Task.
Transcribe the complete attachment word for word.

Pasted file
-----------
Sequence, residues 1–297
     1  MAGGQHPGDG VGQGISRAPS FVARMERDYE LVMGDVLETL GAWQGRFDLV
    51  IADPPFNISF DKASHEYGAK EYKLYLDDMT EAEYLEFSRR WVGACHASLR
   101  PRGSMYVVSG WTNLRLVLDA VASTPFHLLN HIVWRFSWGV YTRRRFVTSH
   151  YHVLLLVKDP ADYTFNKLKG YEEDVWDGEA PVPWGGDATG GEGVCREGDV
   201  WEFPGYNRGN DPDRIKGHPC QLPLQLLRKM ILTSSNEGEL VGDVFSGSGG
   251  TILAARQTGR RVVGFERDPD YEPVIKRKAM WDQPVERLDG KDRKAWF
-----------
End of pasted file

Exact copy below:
Sequence, residues 1–297
     1  MAGGQHPGDG VGQGISRAPS FVARMERDYE LVMGDVLETL GAWQGRFDLV
    51  IADPPFNISF DKASHEYGAK EYKLYLDDMT EAEYLEFSRR WVGACHASLR
   101  PRGSMYVVSG WTNLRLVLDA VASTPFHLLN HIVWRFSWGV YTRRRFVTSH
   151  YHVLLLVKDP ADYTFNKLKG YEEDVWDGEA PVPWGGDATG GEGVCREGDV
   201  WEFPGYNRGN DPDRIKGHPC QLPLQLLRKM ILTSSNEGEL VGDVFSGSGG
   251  TILAARQTGR RVVGFERDPD YEPVIKRKAM WDQPVERLDG KDRKAWF